Why financial advice is so expensive
Simplifying financial advice regulations will be key in making it more accessible to everyday Australians – but at what cost?
There are roughly 16,000 financial advisers in Australia, compared to a working age population of 16.9 million. That’s less than one adviser for every 1,000 workers.
And financial adviser numbers are in decline – more than 13,500 have left the profession in the past five years. At the same time, Australia is bringing in more overseas workers to address a national shortage of workers.
Financial adviser numbers have fallen sharply in recent years. Picture: AP
There are simply not enough financial advisers to go around. But it’s not just accessibility presenting a barrier to advice. Affordability is the other issue.
Adviser Ratings’ latest Adviser Landscape Report shows median advice fees have surged by 40% since 2018, with a median advice fee of $3,529. Ongoing advice is even more lucrative, and firms are selecting higher-net-worth clients in order to remain profitable, the report says.
At a media event last week, I listened to a speech by Michelle Levy, a partner at international law firm Allens who for the past year has been leading an independent review into financial advice regulation.
Her key message was the need for simplicity – reducing red tape and excessive paperwork requirements, which are partially why advice is difficult to get and expensive, she says.
Reflecting on my own experience with financial advice, it was exciting to hear her hint that simple questions around superannuation, insurance or banking could be answered with my personal situation in mind – without the need to fork out thousands of dollars.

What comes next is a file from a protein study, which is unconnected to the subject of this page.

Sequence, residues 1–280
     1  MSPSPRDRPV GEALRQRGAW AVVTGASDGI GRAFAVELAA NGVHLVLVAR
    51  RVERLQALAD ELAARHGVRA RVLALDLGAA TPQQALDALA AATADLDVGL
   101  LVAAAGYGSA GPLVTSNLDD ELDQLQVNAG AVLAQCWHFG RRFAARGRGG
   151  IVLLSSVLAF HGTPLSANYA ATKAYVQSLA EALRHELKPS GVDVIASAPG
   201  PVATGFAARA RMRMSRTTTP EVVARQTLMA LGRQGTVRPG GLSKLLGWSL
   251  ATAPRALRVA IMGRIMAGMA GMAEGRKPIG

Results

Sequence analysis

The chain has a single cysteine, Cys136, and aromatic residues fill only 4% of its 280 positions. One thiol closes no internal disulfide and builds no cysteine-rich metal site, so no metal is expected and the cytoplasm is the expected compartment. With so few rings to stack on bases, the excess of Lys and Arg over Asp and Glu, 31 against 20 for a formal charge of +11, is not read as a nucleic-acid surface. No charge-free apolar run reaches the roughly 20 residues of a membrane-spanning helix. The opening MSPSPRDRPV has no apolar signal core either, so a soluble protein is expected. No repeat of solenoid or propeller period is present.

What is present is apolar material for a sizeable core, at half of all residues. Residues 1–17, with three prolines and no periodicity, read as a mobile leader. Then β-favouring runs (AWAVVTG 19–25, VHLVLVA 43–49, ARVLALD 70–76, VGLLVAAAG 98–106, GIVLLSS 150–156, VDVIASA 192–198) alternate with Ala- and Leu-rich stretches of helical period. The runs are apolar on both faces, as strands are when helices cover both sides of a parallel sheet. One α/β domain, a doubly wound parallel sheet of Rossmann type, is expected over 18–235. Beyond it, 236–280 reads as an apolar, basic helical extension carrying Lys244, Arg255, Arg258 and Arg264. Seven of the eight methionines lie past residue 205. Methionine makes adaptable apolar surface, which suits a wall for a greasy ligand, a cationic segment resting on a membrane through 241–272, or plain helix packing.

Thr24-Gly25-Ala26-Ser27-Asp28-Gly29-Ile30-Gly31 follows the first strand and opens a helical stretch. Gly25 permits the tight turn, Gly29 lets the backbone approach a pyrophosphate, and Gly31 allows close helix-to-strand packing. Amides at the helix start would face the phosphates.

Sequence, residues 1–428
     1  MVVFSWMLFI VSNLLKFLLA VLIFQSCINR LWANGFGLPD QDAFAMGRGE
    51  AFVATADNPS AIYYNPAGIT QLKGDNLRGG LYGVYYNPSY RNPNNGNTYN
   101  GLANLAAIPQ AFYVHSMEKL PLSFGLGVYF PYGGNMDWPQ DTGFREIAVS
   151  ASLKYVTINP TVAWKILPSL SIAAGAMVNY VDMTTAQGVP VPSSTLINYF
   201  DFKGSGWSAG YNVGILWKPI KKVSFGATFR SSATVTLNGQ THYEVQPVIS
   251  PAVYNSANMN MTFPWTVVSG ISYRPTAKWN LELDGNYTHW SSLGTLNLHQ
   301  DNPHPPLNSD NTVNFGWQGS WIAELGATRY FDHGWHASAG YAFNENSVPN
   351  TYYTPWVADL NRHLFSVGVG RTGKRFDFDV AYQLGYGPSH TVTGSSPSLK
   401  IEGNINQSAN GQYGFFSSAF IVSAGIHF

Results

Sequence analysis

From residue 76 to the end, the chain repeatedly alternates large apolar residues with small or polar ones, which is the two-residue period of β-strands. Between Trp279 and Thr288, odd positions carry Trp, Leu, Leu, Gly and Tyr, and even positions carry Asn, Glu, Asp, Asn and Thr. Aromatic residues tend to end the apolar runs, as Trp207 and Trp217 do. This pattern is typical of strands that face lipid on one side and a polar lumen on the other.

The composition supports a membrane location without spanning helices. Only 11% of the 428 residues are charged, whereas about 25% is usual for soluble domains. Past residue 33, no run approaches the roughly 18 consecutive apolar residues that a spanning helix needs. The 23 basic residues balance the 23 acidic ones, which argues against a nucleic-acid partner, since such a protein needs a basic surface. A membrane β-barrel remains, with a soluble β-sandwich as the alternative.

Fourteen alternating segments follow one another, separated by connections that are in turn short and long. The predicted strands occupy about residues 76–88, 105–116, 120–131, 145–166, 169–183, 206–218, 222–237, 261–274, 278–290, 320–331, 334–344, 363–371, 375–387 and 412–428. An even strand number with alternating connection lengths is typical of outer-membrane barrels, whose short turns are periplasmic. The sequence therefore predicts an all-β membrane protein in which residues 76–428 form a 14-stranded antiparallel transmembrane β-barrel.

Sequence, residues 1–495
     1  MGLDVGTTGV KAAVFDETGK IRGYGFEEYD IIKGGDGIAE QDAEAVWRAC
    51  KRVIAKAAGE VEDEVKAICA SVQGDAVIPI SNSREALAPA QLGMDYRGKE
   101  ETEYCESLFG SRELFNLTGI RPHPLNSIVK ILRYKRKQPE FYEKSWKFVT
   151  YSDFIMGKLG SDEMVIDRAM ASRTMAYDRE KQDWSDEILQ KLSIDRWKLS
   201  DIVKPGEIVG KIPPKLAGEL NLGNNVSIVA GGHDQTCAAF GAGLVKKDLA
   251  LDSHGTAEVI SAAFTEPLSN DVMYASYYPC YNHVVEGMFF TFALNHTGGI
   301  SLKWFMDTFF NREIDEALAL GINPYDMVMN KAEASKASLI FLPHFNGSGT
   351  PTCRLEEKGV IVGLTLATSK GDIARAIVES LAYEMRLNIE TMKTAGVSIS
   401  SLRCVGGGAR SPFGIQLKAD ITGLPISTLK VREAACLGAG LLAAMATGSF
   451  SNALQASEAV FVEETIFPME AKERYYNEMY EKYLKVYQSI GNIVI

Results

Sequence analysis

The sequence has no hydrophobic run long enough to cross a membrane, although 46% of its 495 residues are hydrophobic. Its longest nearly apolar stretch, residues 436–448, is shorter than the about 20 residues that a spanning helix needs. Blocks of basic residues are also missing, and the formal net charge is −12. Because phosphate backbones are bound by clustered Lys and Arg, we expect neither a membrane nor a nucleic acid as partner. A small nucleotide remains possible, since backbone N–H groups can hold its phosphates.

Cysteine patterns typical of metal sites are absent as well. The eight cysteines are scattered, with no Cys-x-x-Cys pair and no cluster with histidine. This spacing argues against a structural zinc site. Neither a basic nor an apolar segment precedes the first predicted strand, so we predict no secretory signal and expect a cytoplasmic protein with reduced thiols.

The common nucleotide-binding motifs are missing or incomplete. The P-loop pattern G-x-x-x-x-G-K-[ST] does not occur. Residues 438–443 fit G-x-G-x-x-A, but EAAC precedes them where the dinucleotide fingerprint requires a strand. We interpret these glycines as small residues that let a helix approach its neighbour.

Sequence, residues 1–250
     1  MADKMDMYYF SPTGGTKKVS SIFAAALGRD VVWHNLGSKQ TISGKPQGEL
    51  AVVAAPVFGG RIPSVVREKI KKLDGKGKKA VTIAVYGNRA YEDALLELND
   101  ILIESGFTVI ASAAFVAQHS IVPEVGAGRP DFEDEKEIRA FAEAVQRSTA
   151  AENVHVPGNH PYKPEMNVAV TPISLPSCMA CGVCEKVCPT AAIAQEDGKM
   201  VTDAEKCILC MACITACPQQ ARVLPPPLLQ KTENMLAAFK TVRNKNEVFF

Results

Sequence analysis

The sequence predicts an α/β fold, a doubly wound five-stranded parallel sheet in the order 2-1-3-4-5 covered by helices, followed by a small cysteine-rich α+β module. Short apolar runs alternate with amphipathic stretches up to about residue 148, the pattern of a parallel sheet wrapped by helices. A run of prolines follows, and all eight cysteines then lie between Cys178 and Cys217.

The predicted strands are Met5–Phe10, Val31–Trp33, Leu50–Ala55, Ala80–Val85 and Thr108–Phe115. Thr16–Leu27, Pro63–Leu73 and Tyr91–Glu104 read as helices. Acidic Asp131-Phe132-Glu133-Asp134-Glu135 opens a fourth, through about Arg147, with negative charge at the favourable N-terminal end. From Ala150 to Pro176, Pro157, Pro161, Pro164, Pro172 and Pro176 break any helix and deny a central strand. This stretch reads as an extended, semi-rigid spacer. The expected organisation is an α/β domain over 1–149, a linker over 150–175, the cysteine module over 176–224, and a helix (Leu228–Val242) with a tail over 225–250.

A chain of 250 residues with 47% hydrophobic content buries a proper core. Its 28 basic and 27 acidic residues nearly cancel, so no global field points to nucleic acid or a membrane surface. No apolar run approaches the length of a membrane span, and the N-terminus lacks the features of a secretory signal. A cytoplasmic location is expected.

This can be a question as simple as, “should I put my savings in a term deposit or top up my super”. Sometimes, people just want validation that they’re doing the right thing.
But at what cost would these changes come?
Reactions have been mixed – industry groups have welcomed the recommendations, while consumer groups warn they’ll expose consumers to ‘unacceptable risk’.
Quality of Advice Review: The crux of it
This week, the government released Levy's final report – a 276-page document with 22 recommendations.
Some of the key recommendations were to:
- Remove the need for lengthy statement of advice statements, which can be hundreds of pages long, instead recommending financial advisers take notes of the advice provided.
- Broaden the definition of personal advice, and make it 'easier’ for banks, super funds and insurers to provide personal advice; and
- That these providers be subject to a ‘good advice duty’.
Levy says she chose the term ‘good advice’ because it describes what consumers want and what the law should require.
“Good advice does not mean ‘okay advice’ or ‘good enough’ advice – it means what it says,” Levy says.
“It is unlikely to be good advice to recommend a poorly performing superannuation product. It will not be good advice to recommend that a person who is unable to pay their mortgage open a term deposit and it will not be good advice to recommend a life insurance product that does not provide the protection the customer needs.”